Newspaper Page Text
OCT. 15, 1932.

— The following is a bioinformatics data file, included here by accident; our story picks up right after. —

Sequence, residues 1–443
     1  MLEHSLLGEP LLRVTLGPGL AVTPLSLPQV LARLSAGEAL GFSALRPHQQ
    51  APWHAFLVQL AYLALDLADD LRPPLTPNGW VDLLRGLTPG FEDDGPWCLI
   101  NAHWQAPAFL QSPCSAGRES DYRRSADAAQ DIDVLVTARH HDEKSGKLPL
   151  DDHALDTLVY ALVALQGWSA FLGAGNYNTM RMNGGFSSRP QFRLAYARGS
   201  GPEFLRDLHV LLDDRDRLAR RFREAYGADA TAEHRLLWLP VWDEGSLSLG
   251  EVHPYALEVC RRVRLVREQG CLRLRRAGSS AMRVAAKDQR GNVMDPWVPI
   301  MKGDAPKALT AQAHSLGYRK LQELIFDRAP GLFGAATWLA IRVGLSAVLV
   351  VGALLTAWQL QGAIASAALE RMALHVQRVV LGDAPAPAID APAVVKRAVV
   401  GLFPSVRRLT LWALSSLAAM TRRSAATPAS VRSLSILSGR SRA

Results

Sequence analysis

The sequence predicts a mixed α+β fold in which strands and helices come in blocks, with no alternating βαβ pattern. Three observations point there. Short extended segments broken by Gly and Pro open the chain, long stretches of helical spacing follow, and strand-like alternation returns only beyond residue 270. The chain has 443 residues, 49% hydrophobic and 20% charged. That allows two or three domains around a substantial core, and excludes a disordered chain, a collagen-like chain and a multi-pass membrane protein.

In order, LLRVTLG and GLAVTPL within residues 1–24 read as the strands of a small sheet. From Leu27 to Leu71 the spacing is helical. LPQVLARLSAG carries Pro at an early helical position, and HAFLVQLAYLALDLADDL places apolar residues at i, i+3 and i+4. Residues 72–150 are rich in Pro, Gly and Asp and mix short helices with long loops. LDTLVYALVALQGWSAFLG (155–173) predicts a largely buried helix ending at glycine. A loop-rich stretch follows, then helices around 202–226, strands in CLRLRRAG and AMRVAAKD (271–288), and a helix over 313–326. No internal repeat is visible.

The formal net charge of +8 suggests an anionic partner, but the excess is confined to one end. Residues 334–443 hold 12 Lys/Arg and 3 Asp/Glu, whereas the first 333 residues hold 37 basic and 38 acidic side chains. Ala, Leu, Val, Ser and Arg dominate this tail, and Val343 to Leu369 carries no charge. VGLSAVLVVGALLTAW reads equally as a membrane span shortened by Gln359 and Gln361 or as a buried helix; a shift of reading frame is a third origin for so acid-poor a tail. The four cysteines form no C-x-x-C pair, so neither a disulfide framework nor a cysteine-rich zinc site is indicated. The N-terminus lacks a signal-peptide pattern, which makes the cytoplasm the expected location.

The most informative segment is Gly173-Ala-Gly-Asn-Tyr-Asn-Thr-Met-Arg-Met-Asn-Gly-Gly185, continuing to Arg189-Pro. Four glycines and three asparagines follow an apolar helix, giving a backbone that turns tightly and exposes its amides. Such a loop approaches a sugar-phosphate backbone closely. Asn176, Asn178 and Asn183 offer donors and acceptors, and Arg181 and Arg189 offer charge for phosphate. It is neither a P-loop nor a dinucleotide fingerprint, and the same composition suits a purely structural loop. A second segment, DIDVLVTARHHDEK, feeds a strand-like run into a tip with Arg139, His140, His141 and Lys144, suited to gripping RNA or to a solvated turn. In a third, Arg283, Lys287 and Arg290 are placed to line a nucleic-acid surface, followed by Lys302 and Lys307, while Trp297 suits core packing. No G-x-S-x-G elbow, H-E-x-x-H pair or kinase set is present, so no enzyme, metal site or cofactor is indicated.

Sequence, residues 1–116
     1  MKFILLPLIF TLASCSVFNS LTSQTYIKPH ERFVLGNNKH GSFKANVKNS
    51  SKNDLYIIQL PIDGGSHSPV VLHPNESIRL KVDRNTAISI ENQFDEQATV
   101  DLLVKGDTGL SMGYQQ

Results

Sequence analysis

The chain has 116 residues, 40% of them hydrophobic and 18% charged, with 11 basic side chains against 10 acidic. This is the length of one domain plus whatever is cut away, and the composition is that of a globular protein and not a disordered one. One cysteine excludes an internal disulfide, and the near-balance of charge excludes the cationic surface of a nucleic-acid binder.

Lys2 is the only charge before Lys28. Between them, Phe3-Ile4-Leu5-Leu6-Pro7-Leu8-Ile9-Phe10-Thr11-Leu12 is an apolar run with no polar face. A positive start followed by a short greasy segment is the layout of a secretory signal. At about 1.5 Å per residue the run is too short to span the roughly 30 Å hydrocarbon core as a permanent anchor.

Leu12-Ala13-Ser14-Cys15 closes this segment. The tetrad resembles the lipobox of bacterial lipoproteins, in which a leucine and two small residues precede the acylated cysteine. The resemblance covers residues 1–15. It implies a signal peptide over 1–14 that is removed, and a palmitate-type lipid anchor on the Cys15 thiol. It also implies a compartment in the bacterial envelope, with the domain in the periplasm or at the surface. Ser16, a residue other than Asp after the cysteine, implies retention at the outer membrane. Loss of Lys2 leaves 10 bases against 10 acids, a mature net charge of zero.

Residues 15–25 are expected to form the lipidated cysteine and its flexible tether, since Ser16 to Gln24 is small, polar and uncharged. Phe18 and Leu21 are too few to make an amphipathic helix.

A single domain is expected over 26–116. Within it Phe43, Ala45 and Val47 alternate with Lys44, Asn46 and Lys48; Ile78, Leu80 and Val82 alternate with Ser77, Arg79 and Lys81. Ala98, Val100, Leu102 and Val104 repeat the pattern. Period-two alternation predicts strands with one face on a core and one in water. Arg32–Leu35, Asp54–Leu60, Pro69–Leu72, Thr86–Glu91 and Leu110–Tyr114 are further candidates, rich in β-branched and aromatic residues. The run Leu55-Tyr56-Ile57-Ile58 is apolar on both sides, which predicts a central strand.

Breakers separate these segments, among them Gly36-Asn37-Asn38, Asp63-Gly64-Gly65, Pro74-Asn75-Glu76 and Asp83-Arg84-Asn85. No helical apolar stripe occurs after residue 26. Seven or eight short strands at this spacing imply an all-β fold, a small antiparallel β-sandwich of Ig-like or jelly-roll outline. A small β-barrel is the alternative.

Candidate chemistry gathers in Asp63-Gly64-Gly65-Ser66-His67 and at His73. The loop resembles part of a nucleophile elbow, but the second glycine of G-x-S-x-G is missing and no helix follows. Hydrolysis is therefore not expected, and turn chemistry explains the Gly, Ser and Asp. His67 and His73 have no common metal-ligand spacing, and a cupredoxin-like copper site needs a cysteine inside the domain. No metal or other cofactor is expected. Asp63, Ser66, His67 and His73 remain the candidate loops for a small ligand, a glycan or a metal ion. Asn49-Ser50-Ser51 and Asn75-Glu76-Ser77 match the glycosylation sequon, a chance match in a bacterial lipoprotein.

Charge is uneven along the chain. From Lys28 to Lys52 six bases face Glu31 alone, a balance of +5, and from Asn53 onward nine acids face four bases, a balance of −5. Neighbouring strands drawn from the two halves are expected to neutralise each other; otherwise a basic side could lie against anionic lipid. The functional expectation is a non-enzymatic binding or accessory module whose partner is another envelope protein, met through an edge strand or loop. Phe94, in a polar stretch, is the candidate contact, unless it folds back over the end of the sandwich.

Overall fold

DEMAND COURT END FIGHT OVER DOG OWNERSHIP Twenty Witnesses Called , in Families’ Dispute Over Pet. If a policp dog had known an old proverb—one can not serve two masters—he might have saved at < tcrneys and Municipal Judge Dan V. White a lot of trouble Friday.' Instead, the dog answered the call of two men, each claiming to be his owner, and complicated the fight between two families for his custody. By markings artd tricks enough to start a side show, Charles M. Stephens, salesman of 5354 Guilford avenue, hopes to prove the dog’s name Is "Fang" and belongs to him. j Likewise, E C. Yount, broker, of 4736 Washington boulevard, defend ant in a replevin suit brought by Stephens, hopes to identify the dog as his own pet, ‘ Fritz.’’ No Witnesses Called Twenty witnesses were to testify before Judge White decided the case today. Stephens contends he bought, j ‘Fang” when a pup, from David M. Jordan, an Irvington resident. “It looks like the dog we sold to Stephens in 1931,” Mrs. Jordan testified. A police officer, called when Ste- [ phens found the dog at the Yount home, Sept- 30. supported Stephens’ testimony he had taught the dog many tricks. In Custody of Son *T saw the dog, at Stephens' ' command, open* a door, bring a ! newspaper, go to the basement for a can of dog food and carry a pan from the yard into the house,” the officer declared. Stephens alleges his dog ran away ! three times. Last time, he charged, j the dog was found at Yount’s home, but broke loose and jumped intp his own car when he went for it. ’ Until the trial ends, the dog will be in custody of Charles Stephens .Ir„ who brought it into court. The dog was in quarantine several days when Yount supposedly had ob tained an order from the health board. The quarantine ended when health authorities said tlie order was not official. FRANCE WINNER IN ARMS PARLEY PACT By l nilrd Press PARIS. Oct. 15.—Great Britain and France agreed today to hold a four-power conference at Geneva with Italy and Germany to allow j the world disarmament conference to be resumed with German par ticipation. the foreign office an nounced. The foreign office communique stressed the French victory in the London negotiations. It is Prime Minister Ramsay MacDonald agreed, on Premier Edouard Her riot s insistence, that the conference be held within the League of Na tion's halls, rather than at London. CITY YOUTHS IN BAND Six Indianapolis Students Listed With Indiana U. Musicians. By Tiirs ,special BLOOMINGTON, Ind., Oct. 15. Wendell B. McKissick, 14 North Jefferson street; Ben Nathason, 3540 North Meridian street; Frank H. Snyder, R, R. 17; Dick S. Van Fleet, 530 East Fifty-seventh street; Lawrence Swearinger, 1717 North Tark avenue, and Kenneth I. Wag ner, R. R. l, all Indianapolis stu dents, have been chosen members of Indiana university’s "all-Amer ican" marching band. V. E. Dillard is musical director of the band and Captain Lawrence C. Jaynes. Indiana university R. O. T. C., is (he officer in charge. Mr. Dillard and Captain Jaynes have chosen 101 university students to make up the personnel of this year's band. LIKES BOYS •LITTLE BAD’ Prison Manager Says That Type r Has Most Promise. By Vnited Press NEW ORLEANS, Oct, 15.—Mak ing good “boys" out of bad ones isn't such a bad job as some people think, according to Robert L. Himes, general manager of Louisiana state prison, wh says he likes prisoners who are "just a little bad” and have some ' gumption.” “Give me a boy with a little bad and has some spunk and I can make something of him,” said Himes, a former college professor. •‘l’ve been training boys all my life, and throughout it all, I've been more interested in the boy who is just a little bad. That kind of a lad has more steam in him. and oncp he Is given the right direc tion. he invariably winds up at the Gone, but Not Forgotten Automobiles reported to police a t stolen belong to: Gladvs Simmons, 1280 North Holmes ave nue Oldsmobtle coupe, 82-061, from 929 North Pennsylvania street Watson Wythers. 3080 Broadwav. Essex coach. 105-132, from 500 Indiana avenue BACK HOME AGAIN Stolen automobiles recovered by police belong to: George Perkinson. 1433 Gilbert street, Chrysler coach, found at 309 East Mich igan street. * Mrs. Benjamin Smith. Stockton. Cal., Buick coach, found at Cruse and Wash ington streets. E. A. Leigh. 2854 North Dearborn street. Essex coach, found at Twelfth street and Sherman drive. Graham Paige sedan, 883-939 Ohio, foand m front of 805 North Illinois street. Paul Million. Shelbyville. Ind , Whippett coach, south of Coffin golf course, stripped. Emmett Whitehouse. 509 East Tenth street. Chrysler touring, found at 800 Ft. Wayne avenue. Ted Ross, 4058 Boulevard place. Plym outh sedan Union taxi cab No. 55. found in rear of 8159 Broadwav Leroy Lane R. R. 7. Michigan road and Flftv-n!nlh street. Chrysler sedan, found at Park Bvenue and St. Clair street. Virgil Garrison, 40 Grace street. Ford road Mer. found at Str.nlev and Nelson at 'efts. Edward Bailey. 217 West North street. No. 18. Marmon sedan, found at 40 West St. Joseph. . INSULL ROUTS ‘UPSTART’ RIVAL Titanic Battle Waged With Belgian for Utility Rale —• " 1 | j until Loewenstein h.ad played BEflflfc \:j \ * Insull lt his head. That is 'till! ' ' V ■ ill the settled opinion of Chicago !' i Ills l,||t r || jj I ba^ ,liers although ”• B‘ is ia i Cvr.s S taiyjfliSjSk' V * Hf wgfime' Bf J? HR J tmw iSBHr >. : mS j in FORRES! lIUI' IBP Time* Staff Writer ■ ■ jvriitht. 1932. bv the New York World- Samuel Insull photographed I % I . , Teteeram Corporation.i Th e late Captain Albert Low- ! A h rT 8 eranitiC H natUre Salle street office before a back- 1 1 Be, < f l ? n nancier ’ >nth of economic sorcery where- 8 * MMjp $ . ' DUT worse than that —victory Mr. Hoover won the presidency teased the curiosity of Sunday the no doubt, sincere, prom- eidtors everywhere on the old con- Hi F -. v ""*1 headstrong, and when the next ’to abolish poverty, Insull be- tin , \ <*% sandf and subtler challenge came along mt^anv ** Loewenstein converted wartime j ** ,? ov f ed as ' a fnqueror into the mpany of romantic adventurers pxn]nsivp D]ant , to the ma kine of I tncky terram of new era finan io swallowed whole the dogma Piosi\e plants to tne maxing oi g„ £ xing. . perpetually expanding pros- ™ y ° n ' Theprofitswere athle jfejfe '#*"******% | He disposed of the incredible rity - 523?- “fj; Tmment £ # Loewenstein. with his Harriman- Dutwardly. the power king, near- jf like dream of a world-wide power ? 70, seemed much .the same nificance of power m developing A trust, but Eaton would not be rd-bitten. realistic utilities op- industry. 'W'Tf, handled so easily. %*.. ”We are W in the power age. And Insull began to fancy him- Chubby now, gray hair thin- as we are leaving the age of se if a fi nanc j er og the hard, imperious lines transportation,” Insull said at ■ggk , f "He always was the greatest toed deeper into his shrewd about that time. HHIk |B| money raiser I ever dealt with,” To a P peared mellower. a a a lllllijlfpi v ; - said the private banker who dis ho ~oc y ; ll h T ass ° ciares ' Belgian acted on that as- ' r ' 4 posed of all the Insull senior se £T„W^’4LT de T d -1 sertion. He gobbled powder curities. "It may be money- Loewenstein. the Beleian: Cyrus S. Eaton, of Cleveland—these were the financial eiants who first challenged Sam Insult's nower in Chicago. How he fought back, how he defended his empire and the results of his methods. Forrest • Davis describes in to day’s article. • BY FORREST DAVIS Times Staff Writer iCopyright. 1932. bv the New York World- Telegram Corporation.! SAM INSULL'S granitic nature had undergone a decisive change by 1928. In that twelve month of economic sorcery where in Mr. Hoover won the presidency on the, no doubt, sincere, prom ise to abolish poverty. Insull be came a plunger; he joined the company of romantic adventurers who swallowed whole the dogma of perpetually expanding pros perity. Outwardly, the power king, near ing 70, seemed much , the same hard-bitten, realistic utilities op erator.. Chubby now, gray hair thin ning, the hard, imperious lines etched deeper into his shrewd face, he yet appeared mellower, more kindly to his associates. He was, indeed, softening. Few of the men who came along the “road to mastery with him survived. Few remained to call him "Sam.” He was “S. I.” now, younger intimates adopting the American business executive’s fondness for the initialed address. Scarcely one dared question his judgments. He had selected and advanced nearly every man near him. Perhaps that modified his asperities. A glutton for detail, he still made It an invariable rule to be at his desk in the Commonwealth- Edison skyscraper at 7:30. He indulged associates and em ployes by tn hour, but If they were tardy at 6:30 he was pleased to be annoyed. Insull seldom jested. In fact, the only raillery his personal at torney for 20 years ever heard him utter, dealt with the sub ject of early hours. "We heard that joke repeated ly,” the lawyer recalled. "At le gal conferences Insull would purr: ‘Well, gentlemen, you are the only ones who are able to lie abed all day and still make a liv ing. I warrant none of you gets down before 9 o’clock.” HUH EARLY-TO-WORK, punctual ity, those were fetiches with the aging power king. “I get my desk cleared and a day’s work done before the others show up.” he bragged. A sure way to his regard was for a youngster to keep his long hours. Outwardly, he seemed the same. Fleeringly censorious of blunders, intolerant of advice, a hard mas ter; a relatively benevolent utili ties operator, enjoying more and more his role of “civic leader, pa tron of the arts and community trouble shooter.” He saw himself as the builder without rival; he bore light and power into village and country side in half the continent; he ap prehended, with considerable van ity, that he, the five-shilling-a week apprentice clerk who was. had become the first of the super power kings as there had been railroad, pat ting, harvester, steel and oil king, before. His energy remained unabated as he approached the beginnings of his crisis. Henry Justin Smith. Chicago journalist, observed him one morning as he stepped springily across the sidewalk to enter his building. Insull was, Smith re ported, "a stocky, pink-faced man . . . full of steam and ap rently glad that early hours were invented." It required a challenge to bring out the inner weakness and the profound collapse of the Insull empire four years later to expose the dismaying extent of his folly. Fear drove him to excesses—the gripping fear that first one. then another, younger adversary would hurl him from his throne. MUM Alfred loewenstein, the sensational Belgian adven turer. supplied the first challenger, as Cyrus S. Eaton, the former Baptist divinity student, steel magnate and Cleveland financial wizard, would furnish the second and successful, test of Insult's power. First. Loewenstein. whose disap pearance from an airplane over the English channel on July 4, 1928. convulsed European stock exchanges; then Eaton drove the Power King iflto La Salle street, plagued him into fighting on their grounds and, in the end, helped persuade him that he was a mas ter of money, of finance, as he had known himself to be of utili ties operation. Loewenstein. one of post-war Europe's ‘'mystery men,” a Jew who embraced the Church of Rome, a pioneer i- the rayon in dustry. rose from poverty in 1918 to an even more glamorous in dustrial peak in Europe than In sull occupied over here. With Sir Basil Zaharoff. muni tions king; Hatry. the English promoter; Hugo Stinnes. who bought up halfhf Germany during tlie grpat inflation, Loewenstein Samuel Insull photographed leaning on the desk In his La Salle street office before a back ground of the teaming city of Chicago. teased the curiosity of Sunday eidtors everywhere on the old con tinent. Loewenstein converted wartime explosive plants to the making of rayon. The profits were enor mous. He sensed, with his agile trading mind, the immense sig nificance of power in developing industry. "We are how in the power age. as we are leaving the age of transportation.” Insull said at about that time. n j* THE Belgian acted on that as - - sertion. He gobbled power companies throughout Europe, in Africa, South America. He came to own 300 corporations engaged in electrical and gas production and transit. Here, indeed, was a power titan. In the early part of 1928 Leow enstein’s abounding ambition brought him to Insull’s doorstep. Pyramiding profits and credit, he undertook to buy control of the core of Insull’s empire—Common- weath-Edison. People's Gas and Public Service of Northern Illi nois. Waves of buying orders passed through his brokers in New York and Chciago. The prices of these gilt-edged common stocks advanced steadily. Noting the brisk market, Insull sent for the auditors wtoo kept then, and do now, a close check on ownership of the voting stocks in these companies. Inquiries were set up. While Insull, highhanded and never easy under fire, fumed and fretted, word finally was brought to him that the heavy purchases had been made for Loewenstein’s ac count. . • LaSalle street seethed with gos sip. Insull, taking no counsel, fought back. He hypothecated his own, his wife’s, Martin's, his sons holdings, and bought furi ously in the open market for more stock ownership. The double attack brought prompt results. Commonwealth- Edison, People’s Gas and Public Service vaulted upward on the Chicago exchange and, in the case of the gas company, in New York. The prices rocketed to 300, 320. steadily upward until they brushed 360. n n CHICAGO banks, as I was as sured by the president of one. w r atched the duel with in terest. When the stocks passed 300, prudent bankers sold shares they were holding in trust funds; dumped thousands on the market. Insull reveled in the collision. He would show this foreigner that he couldn't horn in on Chicago's own utilities. Friends, associates, employes assisted him, many of them tak ing satisfying profits. It became a patriotic privilege to repel the Belgian Chicago against the world. Finally. Loewenstein, finding the job of gaining control harder than he had imagined—imprac ticable, in fact—decided boldly on a truce. In New York, he flew to Chicago. He called on Insull. It was the day the trans-Atlantic fliers of the Bremen were wel comed to Chicago. The encounter may well be Imagined. Loewenstein, suavely forceful, polite, but arrogant, insull edg ing his courtesy with irony, speaking fair, as he well know how to do when expediency dic tated. They wasted no time. “You know, naturally, that I have been buying for control of your operating companies,” Loewenstein very likely said. "Do 3% Paid on Savings Security Trust Cos. 11l North Pennsylvania street TRUSSES For Every Kind of Rupture, Abdominal Supports Fitted by Experts HAAG’S , 129 West Washington Street \a * S ★ Safety for Savings Fletcher American NATIONAL BANK SfrottlMS* CofMl o# M0.1.f o*id fennrvtvnnia THE INDIANAPOLIS TIMES. Cyrus S. Eaton, Cleveland fin ancier, who challenged the Insull power. not be alarmed. My purchases will not jeopardize your position. I should like to have you remain as operating chief in any event,” Then some compliments .. . "you are reputed to be the ablest power man in the world . . . these companies are a monument to you.” # H INSULL, I am told, restrained himself admirably. He wanted to pitch the whippersnapper out on his ear. Instead, he thanked his caller with icy charm, made no commitments and bowed him out. Loewenstein gained nothing net by his visit; he left an old man aflame with angry humiliation. The crown rested on an uneasy head that day. The vanishing of Ixiewenstein swiftly removed the threat, if, in deed, a serious one existed at all. The bankers who settled his af fairs gladly sold the Insull stocks. Friends of Insull believed he acted foolishly. They point out the enor mous sums required to buy control in the open market of corporations in which nearly $700,000,000 had been invested, especially on the runaway new era market. The duel might, they say, have ruined Insull. It helped finish off Loewenstein assuredly. And all that the power king needed to do, SUCCESS Vagabond Cruises Mediterranean Roaming the Mediterranean for less than wjm it costs at home seems incredible—but it’s j \ * Each year the popularity of these / \ cruises grows. What other lands , jflßAuLvf can even hope to compete in Jufi '* romance, glamour and historic - interest with the beauty of Greece, the glory of Rome and , the mystery of North Africa? Who hasn’t sighed to visit Egypt and the Holy Land. All in all. a visit to the Mediterranean is a great treat. Complete details may be obtained frrom RICHARD A. KURTZ, MANAGER TRAVEL BUREAU The Leading Travel Bureau of Indianapolis Bunion trusts 120 East Market St. Riley 5341 they nufinAn, was to sit tight until Loewenstein l\ad played himself out. Insull lo6t his head. That Is the settled opinion of Chicago bankers now, although in 1928 and 1929, with the prices of these blue chip stocks ever mounting until the approximated $450. it would have required something like prescience to see that the power king was riding for a fall. "He paid double what the stocks were worth on an earning basis," a banker pointed out. The late Captain Albert Low enstein. Belgian financier, who also opposed Insull. BUT worse than that—victory' made him more self-assured, headstrong, and when the next and subtler challenge came along he moved as *a conqueror into the tricky terrain of new era finan xing. He disposed of the incredible Loewenstein, with his Harriman like dream of a world-wide power trust, but Eaton would not be handled so easily. And Insull began to fancy him self a financier. “He always was the greatest money raiser I ever dealt with,” said the private banker wtoo dis posed of all the Insull senior se curities. "It may be money making came too easy for him. He had been going overboard in Maine, where his Middle West Utilities, hemmed in by the hos tile Chase-Harris-Forbes interests extravagantly had bought and built textile mills, shipyards and a larger paper mill to supply water power customers. That was risky business and contributed to the downfall. He had paid excessively for the Em manuel and Fitkin interests —the National Electric Power and Na tional Public Service—which ex tended his domain into the cen tral Atlantic and southeastern states. But the critical transactions precipitating his utter collapse were more foolhardy than these. Fear caused him to defend his empire in La Salle and Wall streets. His training hadn’t fitted him to wrestle evenly with stock ex change marauders. Insull, attacked by Eaton, dis covered the handy device of in vestment trusts, and the money poured in. The tale of that dizzy adventure will be related next. A forestry professor at Cornell tells how to distinguish real mahog any. An examination of the wood through a simple hand lens or read ing glass will show a very dark red dish brown gum visible in the pores of true mahogany, and lines of soft tissue, light colored and conspic uous. • In a few short months the -Gillette BLUE BLADE Km won a position of indisputable dominance. This is an amazj ing tribute to the blade’s outstanding quality and sen i sational performance. Get incomparable shaving comfort. Try the Gillette Blue Blade. HOOVER GIVEN ADVANTAGE IN PARTSOF EAST But General Situation Is Like Rest of Nation, ‘Ready for Change.’ BY RAYMOND CLAPPER I'nited Press Btff Correspondent (Copyright, 1932. by United Pressi WASHINGTON. Oct. 15.—Presi- j dent Hoover is given the advant age*in several eastern states report ing in the United Press national political survey. He is reported to have a reason able chance of recovering Massa chusetts. one of the two states in the north which he lost to Alfred E. Smith four years ago. Rhode Island, the other 1928 Smith state, is reported less certain for the Democrats than it was four years ago. Anti-Roosevelt feeling is an im portant influence in both states. Smith’s forthcoming speeches in that territory, however, may im prove Roosevelt chances. Anti-Hoover Feeling Strong With that exception the situa tion in New England and the big easteim states is described in the confidential reports in much the same language found in reports from the farther west. In the east, as elsewhere, economic issues and anti-Hoover feeling dominate. Os the New England states, with their total of forty-one electoral votes, the hardest fighting is over Massacuhsetts, with seventeen votes. Smith, four years ago, had a plurality of 17,000 votes out of a total of 1,600,000. "An extremely important factor in Massachusetts is the unpopular ity of Governor Roosevelt,” one re port said. "This is not so mudi anti- Roosevelt as it Is strong pro- Smith.” Roosevelt soon is to make an ad dress in Boston. Smith and the Democratic candidate have made peace. But reports state that the wounds still are unhealed. Demo crats are trying to make their fight an anti-Hoover one rather than pro-Roosevelt. Thomas to Get Votes / Mill workers, many of them re sentful of the treatment of Smith, are expected to vote for Norman Thomas, the Socialist candidate. A large vote for Thomas is feared by Democrats because it would cut di rectly into them. Maine is expected to be close. Democrats are trying to hold the small margin by which they car ried the state in September. Rhode Island is listed as doubtful. Reports also list Connecticut as in doubt, with Roosevelt favored. Contrary to expectations some weeks ago, those reporting the out look in New York now believe Roosevelt will carry his own block of forty-seven votes. Pennsylvania in Doubt New Jersey reports also favor Roosevelt on economies, rather than the prohibition issue which is tra ditional in that state. In Pennsylvania Democrats are seriously going after that block of thirty-six votes which has been al most as sure Republican hitherto as Arkansas has been Democratic. Delaware’s three votes are re ported in doubt, but as word has THE PRICE OF SAFETY O A Year And Up Protect your valuables by renting a safety box in our modern vault. AETNA Trust and Savings Cos. 23 North Pennuylvania Street Lincoln 7371 PROTECTION Residence telephone service is a constant protection for your family. You can provide them with this modern, dependable means of communi cation at a cost of only a few cents a day! Indiana Bell Telephone Company been psssed that some of the most powerful Dupont influence is going toward Mr. Hoover. Republicans expect to pull through. BONUS VIEW 'HEIR' By Vnitr4 Prr# HAMMONTON. N. J.. Oct. 15. Franklin D. Roosevelt will announce his attitude toward immediate pay ment of the bonus in “the near fu ture,” he said Friday in a letter to Thomas B. Delker. editor of the local newspaper. Roosevelt’s letter was in response to one from Delker, asking his posi tion on the question. Roosevelt said he was “distressed” by the bonus incident in Washington. “food with a flavor that brings you back ” Our ads tell a story of value . . . when you consider the delightful surroundings, the excellent service andHhe par excellence of the tasty food . . . you’ll agree after one visit that Seville is the most econom ical place to bring the family on Sunday. Compare for Quality and Economy at Seville SEVILLE •XAWE IR! 181 North t Meridian at Washington % 1874-1932 Since 1874—with a background of more than fifty-eight years of experience— the Celtic Savings and Loan Association has been investing the funds of thousands of people—by assisting others in the securing of homes. First mortgages on well-located Marion county real estate —which we believe to be one of the soundest investments known. Assets $13,787,241.11 Celtic Savings and Loan Association Member of the Marion County League 23 W. Ohio St. PAGE 3 STATE TREASURER’S KIN ENUS UWN LIFE’ By Vnitrd Pre*s SCOTTSBURG. Ind., Oct. 15 —A self-inflicted bullet wound Friday caused the death here Thursday night of Mrs. Lillian Harrison, 70, mother-in-law of William Storen, state treasurer. Mrs. Harrison had been ill two years and shot herself while in bed. Besides Mrs. Storen. the widower and another daughter survives her. Storen returned here from Indian apolis shortly after receiving word of the death.